When three priests are mysteriously poisoned at a ceremony presided over the by Hatusu (Hatshepsut) the Pharaoh, blame is laid at the feet of a notorious poisoner named the Rekhet, who has somehow escaped from the prison camp in the desert where no one has ever managed to escape before.
Sent to find the real poisoner, whoever he or she may be, is Amerotke, the Chief Judge of the Pharaoh. But the deaths of the three priests are only the beginnings of the deaths that follow in the days to come. Next to die are Ipuye, a merchant, and his new wife, Khiat, who died in their enclosure while they were swimming in their lotus pond. The enclosure was guarded, and their are no wounds on their bodies, so how did they die, and how were they killed, unnoticed by the guards?
Following that is the death by poisoning of Hutepa, a heset, or minor priestess at the temple of Ptah. Clutched in her hand was a castanet. She was definitely poisoned, but why? Was it her researches into the Book of Doom, a book of poisons compiled by a famous poisoner named Ari Sapu? Or could there be another reason for her death?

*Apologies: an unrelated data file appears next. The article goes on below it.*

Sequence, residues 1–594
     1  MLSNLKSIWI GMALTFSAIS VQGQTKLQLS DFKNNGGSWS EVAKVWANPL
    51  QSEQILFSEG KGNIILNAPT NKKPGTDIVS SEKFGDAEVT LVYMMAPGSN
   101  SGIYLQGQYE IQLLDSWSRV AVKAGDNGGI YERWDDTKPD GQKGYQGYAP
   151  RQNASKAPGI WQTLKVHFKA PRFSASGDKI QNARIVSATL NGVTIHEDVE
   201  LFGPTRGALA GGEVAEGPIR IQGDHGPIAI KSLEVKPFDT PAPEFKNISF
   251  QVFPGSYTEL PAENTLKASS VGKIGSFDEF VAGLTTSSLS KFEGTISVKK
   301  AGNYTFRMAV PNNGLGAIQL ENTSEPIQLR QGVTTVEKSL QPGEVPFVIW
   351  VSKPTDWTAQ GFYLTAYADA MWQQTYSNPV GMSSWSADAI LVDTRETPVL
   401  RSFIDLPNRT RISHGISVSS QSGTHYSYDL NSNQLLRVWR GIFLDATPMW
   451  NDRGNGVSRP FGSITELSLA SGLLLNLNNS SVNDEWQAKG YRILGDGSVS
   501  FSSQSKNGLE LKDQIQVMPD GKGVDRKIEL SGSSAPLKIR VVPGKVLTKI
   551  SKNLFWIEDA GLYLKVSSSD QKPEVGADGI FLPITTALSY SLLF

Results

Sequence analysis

Amerotke must investigate not only the many deaths, but the possible plans of the Libyans. The Ceremony attended by Hatusu was supposed to cement peace with them, but spies have reported movements of men in the desert to the south. Did *they* have something to do with the poisoning, or the escape of the Rekhet? As Amerotke investigates, the list of questions becomes longer and longer. And he is not the only person hunting the escaped Rekhet. Two crimelords are also seeking him for reasons of their own. Can Amerotke find the person or persons responsible for the deaths before the killing begins again?
This is a great series of books. Although the world of Ancient Egypt disappeared many thousands of years ago, I always feel that I am actually there when I am reading P.C. Doherty's books, from the meanest of slums to halls of Hatusu's palace. The characters, too, stand out. Amerotke, Shufoy, his dwarf manservant, Hatusu herself and her lover Senenmut are all vivid personalities.
The mystery is engaging and brings home the horror and personal fear of poison, where anything, literally, can be suspect, from drinks to common items of cosmetics. The solution to the poisoning is an interesting puzzle that Amerotke adroitly solves, as well as finding the true killer of Ipuye and Khiat.
If you enjoy finding a mystery that will make you feel like you are actually taken back in time and to a wildly different place, this book will more than suffice for you. A wonderful read.